A Game Theoretic Approach to Analyse Cooperation between Rural Households in Northern Nigeria

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    To improve the livelihood of the poor in Sub-Saharan Africa (SSA) much attention has been paid to the development of new agricultural technologies. We hypothesize that farmers can also improve their livelihood through cooperation. Partial cooperation, in which knowledge is shared or bargaining power improved, is relatively common in SSA, while cooperation where all resources are fully shared, which we address, has rarely been investigated. An important pre-requisite to establish such cooperation, is the need for a fair division rule for the gains of the cooperation. This paper combines linear programming and cooperative game theory to model the effects of cooperation of (individual) households on income and farm plans. Linear programming establishes insight in the optimal farm plans in cooperation, and cooperative game theory is used to generate fair division rules. The model is applied to a village in Northern Nigeria. Households are clustered based on socio-economic parameters, and we explore cooperation between clusters. Cooperation leads to increased income and results in changes in farm plans, because more efficient use of resources leads to more intensified agriculture (labour intensive – high value crops).Cooperations, Linear Programming, Nigeria, Livelihood, Agricultural and Food Policy, Community/Rural/Urban Development, Consumer/Household Economics, Environmental Economics and Policy, Food Consumption/Nutrition/Food Safety, Food Security and Poverty, International Relations/Trade, Marketing, Productivity Analysis, Research and Development/Tech Change/Emerging Technologies,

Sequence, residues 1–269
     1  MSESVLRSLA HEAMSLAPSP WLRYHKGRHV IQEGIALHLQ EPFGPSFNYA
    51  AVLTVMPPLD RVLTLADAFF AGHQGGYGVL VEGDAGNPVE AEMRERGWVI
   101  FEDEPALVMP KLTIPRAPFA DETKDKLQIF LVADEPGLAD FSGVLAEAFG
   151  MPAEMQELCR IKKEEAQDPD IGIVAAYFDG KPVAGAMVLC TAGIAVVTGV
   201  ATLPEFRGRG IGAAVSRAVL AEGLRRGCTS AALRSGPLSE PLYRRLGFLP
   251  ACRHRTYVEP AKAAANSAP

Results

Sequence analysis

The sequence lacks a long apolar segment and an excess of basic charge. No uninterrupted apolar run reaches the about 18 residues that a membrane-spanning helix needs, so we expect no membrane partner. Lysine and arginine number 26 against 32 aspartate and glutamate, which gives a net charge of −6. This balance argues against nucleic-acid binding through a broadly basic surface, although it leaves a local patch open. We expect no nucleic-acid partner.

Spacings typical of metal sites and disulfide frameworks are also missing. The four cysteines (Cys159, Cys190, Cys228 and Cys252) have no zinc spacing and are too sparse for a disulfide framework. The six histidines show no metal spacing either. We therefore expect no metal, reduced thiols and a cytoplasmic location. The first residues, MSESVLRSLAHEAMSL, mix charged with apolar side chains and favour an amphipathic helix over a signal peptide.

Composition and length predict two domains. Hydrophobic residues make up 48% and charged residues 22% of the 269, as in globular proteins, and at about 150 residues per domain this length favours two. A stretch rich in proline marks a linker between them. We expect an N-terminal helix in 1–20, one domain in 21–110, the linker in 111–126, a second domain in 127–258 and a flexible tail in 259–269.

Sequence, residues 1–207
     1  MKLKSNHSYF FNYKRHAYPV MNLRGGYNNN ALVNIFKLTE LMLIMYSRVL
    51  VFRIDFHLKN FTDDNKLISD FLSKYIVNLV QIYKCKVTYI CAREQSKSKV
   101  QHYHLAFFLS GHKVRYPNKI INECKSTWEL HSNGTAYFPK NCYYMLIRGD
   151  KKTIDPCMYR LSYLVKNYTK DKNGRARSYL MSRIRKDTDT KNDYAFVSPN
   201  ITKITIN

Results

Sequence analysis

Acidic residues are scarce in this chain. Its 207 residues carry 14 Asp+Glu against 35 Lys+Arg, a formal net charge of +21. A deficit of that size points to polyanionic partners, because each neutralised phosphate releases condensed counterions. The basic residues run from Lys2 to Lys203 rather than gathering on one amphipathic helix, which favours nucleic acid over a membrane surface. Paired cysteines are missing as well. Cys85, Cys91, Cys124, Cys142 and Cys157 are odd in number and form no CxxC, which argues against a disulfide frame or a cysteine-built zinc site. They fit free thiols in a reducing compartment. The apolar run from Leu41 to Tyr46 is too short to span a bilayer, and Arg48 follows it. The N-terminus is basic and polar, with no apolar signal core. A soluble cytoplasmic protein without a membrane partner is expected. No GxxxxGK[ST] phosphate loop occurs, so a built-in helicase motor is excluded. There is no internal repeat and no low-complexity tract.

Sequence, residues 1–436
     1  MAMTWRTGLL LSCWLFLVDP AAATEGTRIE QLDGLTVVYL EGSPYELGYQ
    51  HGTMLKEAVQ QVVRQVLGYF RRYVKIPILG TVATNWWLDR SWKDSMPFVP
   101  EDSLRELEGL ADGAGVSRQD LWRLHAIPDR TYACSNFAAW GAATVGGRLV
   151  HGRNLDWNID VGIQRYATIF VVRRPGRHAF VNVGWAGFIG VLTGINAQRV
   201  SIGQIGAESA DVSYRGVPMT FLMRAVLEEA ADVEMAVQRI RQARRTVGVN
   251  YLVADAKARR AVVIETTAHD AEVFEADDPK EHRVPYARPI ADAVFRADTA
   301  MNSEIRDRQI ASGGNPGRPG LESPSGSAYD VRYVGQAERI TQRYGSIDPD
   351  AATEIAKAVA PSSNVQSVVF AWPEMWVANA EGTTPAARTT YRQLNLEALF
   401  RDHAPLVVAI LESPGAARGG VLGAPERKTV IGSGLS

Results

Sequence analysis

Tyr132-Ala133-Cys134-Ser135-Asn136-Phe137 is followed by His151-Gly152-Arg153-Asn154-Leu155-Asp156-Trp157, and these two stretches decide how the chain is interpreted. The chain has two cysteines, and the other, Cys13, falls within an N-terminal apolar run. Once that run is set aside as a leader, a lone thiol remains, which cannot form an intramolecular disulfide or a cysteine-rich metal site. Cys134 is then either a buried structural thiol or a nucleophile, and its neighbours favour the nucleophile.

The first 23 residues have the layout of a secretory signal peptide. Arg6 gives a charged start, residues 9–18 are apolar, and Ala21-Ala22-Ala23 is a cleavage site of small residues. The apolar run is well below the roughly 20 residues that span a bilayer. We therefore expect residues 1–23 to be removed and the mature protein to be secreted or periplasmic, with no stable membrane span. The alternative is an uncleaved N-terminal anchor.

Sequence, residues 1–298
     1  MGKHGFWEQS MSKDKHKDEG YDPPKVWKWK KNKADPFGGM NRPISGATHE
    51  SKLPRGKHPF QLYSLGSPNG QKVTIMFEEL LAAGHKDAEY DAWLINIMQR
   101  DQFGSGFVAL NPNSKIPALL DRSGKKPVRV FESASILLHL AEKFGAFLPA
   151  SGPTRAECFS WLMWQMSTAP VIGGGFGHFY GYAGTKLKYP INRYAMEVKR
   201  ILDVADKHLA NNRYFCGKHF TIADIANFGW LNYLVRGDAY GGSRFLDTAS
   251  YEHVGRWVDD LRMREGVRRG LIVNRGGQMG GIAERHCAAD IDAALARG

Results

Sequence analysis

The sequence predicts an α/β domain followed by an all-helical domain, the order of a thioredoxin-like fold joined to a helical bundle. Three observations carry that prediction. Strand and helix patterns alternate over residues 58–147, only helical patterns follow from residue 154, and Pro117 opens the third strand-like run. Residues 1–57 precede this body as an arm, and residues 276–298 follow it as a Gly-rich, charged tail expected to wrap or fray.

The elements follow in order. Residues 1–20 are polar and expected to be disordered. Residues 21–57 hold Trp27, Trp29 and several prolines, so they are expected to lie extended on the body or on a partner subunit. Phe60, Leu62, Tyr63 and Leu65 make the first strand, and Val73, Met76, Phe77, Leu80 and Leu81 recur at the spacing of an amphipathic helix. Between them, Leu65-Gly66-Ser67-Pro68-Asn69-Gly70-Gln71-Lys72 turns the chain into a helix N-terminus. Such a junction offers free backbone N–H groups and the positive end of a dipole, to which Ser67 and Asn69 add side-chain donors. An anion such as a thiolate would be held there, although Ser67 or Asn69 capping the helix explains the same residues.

CONTRIBUTIONS OF AGRICULTURAL IMPROVED TECHNOLOGIES TO RURAL POVERTY ALLEVIATION IN DEVELOPING COUNTRIES: CASE OF IMAZAPYR-RESISTANT MAIZE IN WESTERN KENYA

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    Last two decades have been dominated by issues on poverty as major growth area with the adoption by United Nations member countries of the Millennium Development Goals, the first of which calls for halving the incidence of poverty and hunger by 2015, this has underlined the importance of introduction of improved agricultural technologies. Most poor rural households in developing countries usually depend on agriculture and have to cope with poverty stills a rural phenomenon. Agricultural production has continuously decreased, subject to serious limitations such as declining soil fertility, diseases, pests, drought and erosion plaguing crops growing areas. This situation should have encouraged rural households to increasingly consider the use of promising technologies. This study was done using a case of imazapyr-resistant maize (IRM) technology for combating noxious Striga weed which has devastating effects on maize production in western Kenya. A cross sectional survey that included randomly a total selected sample of 600 households of which 169 IRM users and 431 non-users was employed.IRM technology, striga control, poverty reduction, Kenya., Research and Development/Tech Change/Emerging Technologies,

    The Efficiency-Equity Tradeoffs in Agricultural Research Priority Setting: The Potential Impacts of Agricultural Research on Economic Surplus and Poverty Reduction in Nigeria